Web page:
Immunology

Ignition Without Transmission

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Science  30 Jan 2004:
Vol. 303, Issue 5658, pp. 591
DOI: 10.1126/science.303.5658.591b

To ensure optimal replication within its host, the human immunodeficiency virus (HIV) must surmount multiple barriers. One example is the predicament faced by the virus as a result of its need to activate T cells for replication, because activation has the undesired effect of bolstering antiviral immunity.

In their study of the HIV accessory protein Nef, Janardhan et al. show how the virus coopts this adapter protein, which has multiple roles in HIV replication, both in the activation of host T cells and in various forms of immune evasion. Nef was found to associate with and activate the GTPase Rac in T cells. This required association of the Rac-Nef complex with the proteins DOCK2 and ELMO1, and resulted in the impaired responsiveness of activated, Nef-expressing T cells toward chemotactic stimuli. By uniting Rac with its activators, Nef simultaneously facilitates signals that activate HIV-infected cells and those that cripple their capacity to migrate to lymphoid tissues, thus ultimately diminishing the potential for antiviral immunity. — SJS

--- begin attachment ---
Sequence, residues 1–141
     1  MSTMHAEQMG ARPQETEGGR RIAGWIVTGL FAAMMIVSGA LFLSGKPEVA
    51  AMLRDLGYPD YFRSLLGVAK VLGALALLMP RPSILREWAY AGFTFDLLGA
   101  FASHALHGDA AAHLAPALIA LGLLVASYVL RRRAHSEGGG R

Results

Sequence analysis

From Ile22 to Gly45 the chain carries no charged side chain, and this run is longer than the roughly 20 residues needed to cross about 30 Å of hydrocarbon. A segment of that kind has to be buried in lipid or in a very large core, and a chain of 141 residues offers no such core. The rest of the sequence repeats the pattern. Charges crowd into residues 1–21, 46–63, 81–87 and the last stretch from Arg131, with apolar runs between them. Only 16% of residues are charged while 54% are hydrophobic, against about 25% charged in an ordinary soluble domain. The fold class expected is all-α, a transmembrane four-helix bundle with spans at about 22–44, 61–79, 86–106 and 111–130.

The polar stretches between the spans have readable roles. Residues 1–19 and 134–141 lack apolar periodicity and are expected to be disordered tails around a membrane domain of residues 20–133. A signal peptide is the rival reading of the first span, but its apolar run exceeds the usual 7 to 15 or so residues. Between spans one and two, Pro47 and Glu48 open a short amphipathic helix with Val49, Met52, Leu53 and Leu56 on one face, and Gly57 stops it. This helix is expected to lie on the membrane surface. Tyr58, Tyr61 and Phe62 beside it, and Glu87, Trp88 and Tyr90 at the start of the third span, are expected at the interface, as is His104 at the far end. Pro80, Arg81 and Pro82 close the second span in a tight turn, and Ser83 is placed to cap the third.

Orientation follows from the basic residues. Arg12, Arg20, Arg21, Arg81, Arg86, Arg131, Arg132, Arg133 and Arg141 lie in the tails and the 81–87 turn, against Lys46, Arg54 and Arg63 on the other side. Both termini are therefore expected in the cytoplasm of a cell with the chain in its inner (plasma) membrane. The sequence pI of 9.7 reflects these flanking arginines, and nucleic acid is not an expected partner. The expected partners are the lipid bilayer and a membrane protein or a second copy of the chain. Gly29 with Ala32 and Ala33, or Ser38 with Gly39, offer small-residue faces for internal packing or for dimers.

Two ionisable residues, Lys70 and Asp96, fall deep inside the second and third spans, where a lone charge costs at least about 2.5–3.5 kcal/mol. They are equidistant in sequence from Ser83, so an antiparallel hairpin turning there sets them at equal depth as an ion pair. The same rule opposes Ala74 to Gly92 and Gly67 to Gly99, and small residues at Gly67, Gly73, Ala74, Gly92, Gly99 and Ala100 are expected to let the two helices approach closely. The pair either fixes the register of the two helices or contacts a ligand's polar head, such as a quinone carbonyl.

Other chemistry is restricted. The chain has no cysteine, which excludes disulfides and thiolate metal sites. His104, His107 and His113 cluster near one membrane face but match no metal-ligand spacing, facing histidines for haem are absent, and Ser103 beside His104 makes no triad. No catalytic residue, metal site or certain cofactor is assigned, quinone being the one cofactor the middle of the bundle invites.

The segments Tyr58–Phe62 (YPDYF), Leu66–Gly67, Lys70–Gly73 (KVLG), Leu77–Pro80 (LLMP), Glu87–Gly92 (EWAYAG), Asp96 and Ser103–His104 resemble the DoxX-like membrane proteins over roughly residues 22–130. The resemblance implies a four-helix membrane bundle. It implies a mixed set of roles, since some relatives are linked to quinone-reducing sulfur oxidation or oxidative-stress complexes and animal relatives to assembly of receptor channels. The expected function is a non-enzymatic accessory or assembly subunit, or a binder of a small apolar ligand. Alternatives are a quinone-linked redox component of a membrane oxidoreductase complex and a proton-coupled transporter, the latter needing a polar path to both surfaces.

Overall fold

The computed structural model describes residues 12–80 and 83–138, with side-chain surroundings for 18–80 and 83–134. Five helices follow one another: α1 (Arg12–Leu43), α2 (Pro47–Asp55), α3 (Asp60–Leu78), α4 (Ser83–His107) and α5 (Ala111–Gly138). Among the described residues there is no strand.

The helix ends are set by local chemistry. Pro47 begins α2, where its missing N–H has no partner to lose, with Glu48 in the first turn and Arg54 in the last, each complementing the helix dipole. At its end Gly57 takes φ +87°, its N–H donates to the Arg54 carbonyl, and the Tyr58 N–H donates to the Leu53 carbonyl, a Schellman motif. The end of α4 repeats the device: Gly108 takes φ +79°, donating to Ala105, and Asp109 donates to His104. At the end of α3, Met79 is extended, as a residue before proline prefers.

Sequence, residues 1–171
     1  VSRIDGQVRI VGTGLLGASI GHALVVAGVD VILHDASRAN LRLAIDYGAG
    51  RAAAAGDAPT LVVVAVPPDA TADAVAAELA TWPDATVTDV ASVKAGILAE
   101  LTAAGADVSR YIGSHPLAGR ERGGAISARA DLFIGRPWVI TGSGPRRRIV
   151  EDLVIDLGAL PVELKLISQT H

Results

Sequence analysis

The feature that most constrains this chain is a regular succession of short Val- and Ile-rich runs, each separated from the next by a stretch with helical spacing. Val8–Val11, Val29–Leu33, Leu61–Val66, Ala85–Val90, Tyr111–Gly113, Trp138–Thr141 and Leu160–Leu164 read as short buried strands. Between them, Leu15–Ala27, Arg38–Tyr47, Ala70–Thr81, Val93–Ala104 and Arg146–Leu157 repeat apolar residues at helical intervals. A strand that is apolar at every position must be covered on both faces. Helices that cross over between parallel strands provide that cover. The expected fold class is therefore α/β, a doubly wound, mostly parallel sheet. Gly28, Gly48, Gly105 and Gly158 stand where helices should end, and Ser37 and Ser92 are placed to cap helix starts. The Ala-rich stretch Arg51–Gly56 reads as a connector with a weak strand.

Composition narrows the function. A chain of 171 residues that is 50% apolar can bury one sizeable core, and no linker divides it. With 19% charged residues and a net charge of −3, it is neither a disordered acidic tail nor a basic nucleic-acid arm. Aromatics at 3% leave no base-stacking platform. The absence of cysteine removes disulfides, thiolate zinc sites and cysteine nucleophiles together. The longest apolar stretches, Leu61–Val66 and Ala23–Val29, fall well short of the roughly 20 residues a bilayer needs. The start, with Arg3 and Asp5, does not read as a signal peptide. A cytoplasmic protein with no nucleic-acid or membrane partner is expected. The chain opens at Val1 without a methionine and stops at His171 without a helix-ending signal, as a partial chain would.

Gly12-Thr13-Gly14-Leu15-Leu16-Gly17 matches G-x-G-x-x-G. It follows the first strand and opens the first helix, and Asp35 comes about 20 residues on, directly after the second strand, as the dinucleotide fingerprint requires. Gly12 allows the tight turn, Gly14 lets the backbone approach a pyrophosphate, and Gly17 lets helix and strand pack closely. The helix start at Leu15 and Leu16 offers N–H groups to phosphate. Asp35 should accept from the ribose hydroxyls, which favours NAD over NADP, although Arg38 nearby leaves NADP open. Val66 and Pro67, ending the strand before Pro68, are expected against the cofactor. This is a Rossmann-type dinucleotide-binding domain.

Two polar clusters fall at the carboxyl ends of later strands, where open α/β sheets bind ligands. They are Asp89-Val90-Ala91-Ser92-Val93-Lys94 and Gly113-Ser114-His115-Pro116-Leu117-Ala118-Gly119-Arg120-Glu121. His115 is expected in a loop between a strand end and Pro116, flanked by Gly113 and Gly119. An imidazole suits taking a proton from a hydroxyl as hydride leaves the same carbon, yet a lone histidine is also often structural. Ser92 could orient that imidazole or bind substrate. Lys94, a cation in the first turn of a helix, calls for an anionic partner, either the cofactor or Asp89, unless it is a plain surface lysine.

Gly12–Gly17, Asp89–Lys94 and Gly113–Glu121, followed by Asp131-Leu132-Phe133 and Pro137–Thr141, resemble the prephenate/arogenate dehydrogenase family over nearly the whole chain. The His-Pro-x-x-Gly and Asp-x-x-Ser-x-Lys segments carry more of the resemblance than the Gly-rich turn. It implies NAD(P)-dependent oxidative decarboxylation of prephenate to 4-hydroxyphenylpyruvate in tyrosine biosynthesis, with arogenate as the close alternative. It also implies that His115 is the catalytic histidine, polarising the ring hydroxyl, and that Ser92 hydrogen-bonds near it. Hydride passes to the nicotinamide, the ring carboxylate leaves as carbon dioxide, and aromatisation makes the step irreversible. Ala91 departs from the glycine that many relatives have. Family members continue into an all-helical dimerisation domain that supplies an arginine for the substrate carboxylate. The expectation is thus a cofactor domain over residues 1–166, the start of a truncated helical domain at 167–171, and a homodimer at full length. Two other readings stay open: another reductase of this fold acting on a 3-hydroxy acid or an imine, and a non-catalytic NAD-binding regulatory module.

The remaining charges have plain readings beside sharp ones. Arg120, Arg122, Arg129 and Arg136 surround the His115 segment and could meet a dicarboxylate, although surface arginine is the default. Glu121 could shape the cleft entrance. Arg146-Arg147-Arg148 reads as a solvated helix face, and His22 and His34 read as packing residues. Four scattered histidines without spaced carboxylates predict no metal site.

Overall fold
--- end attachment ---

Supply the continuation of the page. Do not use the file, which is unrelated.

PLoS Biol. 2, 65 (2004

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